You or your counsel may ask the Member to consider releasing you from detention. To support your request you may propose conditions that you will follow. This is known as an “Alternative to Detention”. Your release plan should include conditions that are related to the reason why you are being detained. Examples of some conditions are:
- reporting to immigration authorities on a set schedule,
- living with a specific person, or
- avoiding drinking alcohol or taking drugs.
The member will decide which conditions are necessary in your specific case.
The member may also decide to include a bond in addition to the conditions of release. There are two types of bonds: cash bonds and performance bonds. The bondsperson (also called the guarantor) is the person who provides the bond. That person can be a friend or family member, for example. At your hearing, the CBSA representative and the member may ask your proposed bondsperson for information. This information will help the member decide if that person is suitable to be a bondsperson.
When you prepare for your hearing some of the things you should consider are:
- How much money could be available for the bond, and how much he or she is offering;
- Any other information you can provide to help the member decide, such as your relationship with the bondsperson, and why you feel he or she will help you respect your conditions of release.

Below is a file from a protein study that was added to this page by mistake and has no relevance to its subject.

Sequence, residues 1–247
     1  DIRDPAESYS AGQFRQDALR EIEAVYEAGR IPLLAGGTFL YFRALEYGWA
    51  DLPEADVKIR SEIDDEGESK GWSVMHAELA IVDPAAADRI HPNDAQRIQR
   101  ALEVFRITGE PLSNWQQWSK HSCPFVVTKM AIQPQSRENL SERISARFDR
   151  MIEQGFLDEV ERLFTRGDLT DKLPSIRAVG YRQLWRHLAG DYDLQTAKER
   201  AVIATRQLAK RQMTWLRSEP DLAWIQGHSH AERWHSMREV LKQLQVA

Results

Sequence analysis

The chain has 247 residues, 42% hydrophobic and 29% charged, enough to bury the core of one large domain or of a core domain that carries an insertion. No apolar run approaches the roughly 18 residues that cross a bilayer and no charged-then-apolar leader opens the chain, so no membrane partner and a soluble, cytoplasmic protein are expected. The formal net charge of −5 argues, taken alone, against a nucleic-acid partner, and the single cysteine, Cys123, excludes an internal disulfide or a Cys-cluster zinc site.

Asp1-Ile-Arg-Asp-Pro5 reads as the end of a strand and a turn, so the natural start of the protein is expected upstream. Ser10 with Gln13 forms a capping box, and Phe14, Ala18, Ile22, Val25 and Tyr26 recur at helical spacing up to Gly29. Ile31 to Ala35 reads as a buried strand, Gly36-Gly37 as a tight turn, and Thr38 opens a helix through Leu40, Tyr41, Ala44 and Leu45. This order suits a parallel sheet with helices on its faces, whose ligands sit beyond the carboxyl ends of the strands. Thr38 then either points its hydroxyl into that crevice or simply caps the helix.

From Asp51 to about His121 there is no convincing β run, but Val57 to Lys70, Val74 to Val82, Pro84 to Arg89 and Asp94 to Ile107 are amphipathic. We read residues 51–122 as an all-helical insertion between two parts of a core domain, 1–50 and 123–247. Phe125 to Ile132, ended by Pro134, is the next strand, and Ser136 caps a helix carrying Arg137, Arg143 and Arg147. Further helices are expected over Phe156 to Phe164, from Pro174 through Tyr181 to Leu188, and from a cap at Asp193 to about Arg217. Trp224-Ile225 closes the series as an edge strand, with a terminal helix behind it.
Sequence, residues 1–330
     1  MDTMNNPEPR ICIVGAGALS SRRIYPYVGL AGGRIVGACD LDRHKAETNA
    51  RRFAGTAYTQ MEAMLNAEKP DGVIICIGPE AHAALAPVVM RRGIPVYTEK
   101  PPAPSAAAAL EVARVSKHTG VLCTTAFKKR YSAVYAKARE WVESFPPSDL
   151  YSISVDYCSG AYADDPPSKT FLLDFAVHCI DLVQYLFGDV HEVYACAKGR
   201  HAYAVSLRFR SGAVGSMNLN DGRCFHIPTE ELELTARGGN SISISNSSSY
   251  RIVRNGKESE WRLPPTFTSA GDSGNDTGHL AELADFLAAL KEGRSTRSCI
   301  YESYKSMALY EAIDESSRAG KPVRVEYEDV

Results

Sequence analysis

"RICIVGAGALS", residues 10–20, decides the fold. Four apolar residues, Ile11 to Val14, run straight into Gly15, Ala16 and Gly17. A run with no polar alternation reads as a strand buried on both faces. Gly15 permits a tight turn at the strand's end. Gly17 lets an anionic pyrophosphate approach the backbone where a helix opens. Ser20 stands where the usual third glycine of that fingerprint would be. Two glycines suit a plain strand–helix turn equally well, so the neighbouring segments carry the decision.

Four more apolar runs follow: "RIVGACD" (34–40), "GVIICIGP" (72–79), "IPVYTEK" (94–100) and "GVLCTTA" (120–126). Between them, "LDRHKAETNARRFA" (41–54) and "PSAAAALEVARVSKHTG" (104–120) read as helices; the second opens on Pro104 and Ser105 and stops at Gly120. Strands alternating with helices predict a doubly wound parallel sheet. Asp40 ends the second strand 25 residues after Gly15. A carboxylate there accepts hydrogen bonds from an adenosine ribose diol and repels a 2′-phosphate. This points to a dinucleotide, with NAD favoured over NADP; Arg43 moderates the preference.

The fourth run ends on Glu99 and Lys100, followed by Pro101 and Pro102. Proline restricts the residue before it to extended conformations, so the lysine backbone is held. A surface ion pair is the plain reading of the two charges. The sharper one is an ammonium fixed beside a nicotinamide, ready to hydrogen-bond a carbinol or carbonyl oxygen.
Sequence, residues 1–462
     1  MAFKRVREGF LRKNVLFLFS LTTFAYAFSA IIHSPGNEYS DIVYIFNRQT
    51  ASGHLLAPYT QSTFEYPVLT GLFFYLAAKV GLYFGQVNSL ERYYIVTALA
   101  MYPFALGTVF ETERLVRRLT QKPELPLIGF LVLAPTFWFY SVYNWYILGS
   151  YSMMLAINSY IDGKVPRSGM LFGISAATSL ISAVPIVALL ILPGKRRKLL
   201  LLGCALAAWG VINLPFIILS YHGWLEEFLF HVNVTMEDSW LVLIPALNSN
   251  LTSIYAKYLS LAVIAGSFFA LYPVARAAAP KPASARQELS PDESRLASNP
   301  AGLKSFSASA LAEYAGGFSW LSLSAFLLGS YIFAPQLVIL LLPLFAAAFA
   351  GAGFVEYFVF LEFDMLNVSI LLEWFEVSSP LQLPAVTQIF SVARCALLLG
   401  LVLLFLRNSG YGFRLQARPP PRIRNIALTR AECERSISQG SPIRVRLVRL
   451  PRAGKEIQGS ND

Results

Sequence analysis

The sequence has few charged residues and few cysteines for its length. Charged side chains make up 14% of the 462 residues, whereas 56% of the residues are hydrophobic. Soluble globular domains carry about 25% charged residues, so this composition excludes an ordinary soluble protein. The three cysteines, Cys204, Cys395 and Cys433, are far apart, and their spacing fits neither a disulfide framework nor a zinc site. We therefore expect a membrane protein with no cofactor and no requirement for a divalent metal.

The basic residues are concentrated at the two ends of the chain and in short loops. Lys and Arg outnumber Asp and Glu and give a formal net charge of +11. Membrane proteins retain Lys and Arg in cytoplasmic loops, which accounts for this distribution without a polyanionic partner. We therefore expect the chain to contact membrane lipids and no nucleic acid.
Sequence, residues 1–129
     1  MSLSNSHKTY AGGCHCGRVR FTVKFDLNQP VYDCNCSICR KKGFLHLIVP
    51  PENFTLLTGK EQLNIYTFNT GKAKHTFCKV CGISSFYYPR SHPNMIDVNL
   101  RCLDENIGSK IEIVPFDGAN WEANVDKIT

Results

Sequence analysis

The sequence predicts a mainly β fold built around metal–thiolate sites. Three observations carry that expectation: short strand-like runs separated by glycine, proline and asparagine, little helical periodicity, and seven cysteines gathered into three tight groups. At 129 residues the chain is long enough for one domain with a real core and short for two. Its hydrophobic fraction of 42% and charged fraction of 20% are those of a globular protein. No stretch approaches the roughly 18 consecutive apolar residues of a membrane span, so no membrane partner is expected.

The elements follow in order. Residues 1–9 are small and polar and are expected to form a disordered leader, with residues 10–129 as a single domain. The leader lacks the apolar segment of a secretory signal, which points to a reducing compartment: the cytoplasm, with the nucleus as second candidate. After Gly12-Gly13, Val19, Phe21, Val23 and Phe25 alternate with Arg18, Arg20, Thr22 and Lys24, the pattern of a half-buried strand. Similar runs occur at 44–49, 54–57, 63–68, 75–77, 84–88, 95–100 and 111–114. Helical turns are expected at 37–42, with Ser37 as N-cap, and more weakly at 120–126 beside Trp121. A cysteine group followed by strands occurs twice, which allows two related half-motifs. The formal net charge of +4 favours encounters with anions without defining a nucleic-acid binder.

You should also make sure that the bondsperson is available to answer questions at your hearing.
Cash bond (or deposit)
If the member orders a cash bond, you or another person (a bondsperson) must pay a deposit (an amount of money) to the government. This is to make sure you respect all the conditions of your release. If you do not respect the conditions, the Government of Canada will keep the money and the CBSA may arrest and detain you again. If you respect all the conditions of release throughout their duration then the money can be reimbursed to the person who deposited it.
Performance bond (or guarantee)
If the member orders a performance bond, your bondsperson must sign a document that is a promise to pay an amount of money. This is a promise that you will respect all the conditions of your release. If you do not respect the conditions, the Government of Canada will collect the money from your bondsperson and the CBSA may arrest and detain you again.
A bondsperson is a trustworthy person who can make sure that you respect the conditions of your release. To provide a performance bond, your bondsperson must be a Canadian citizen or a permanent resident of Canada. They must also be able to show that they can afford to pay the bond and that they can make sure you respect the conditions of your release.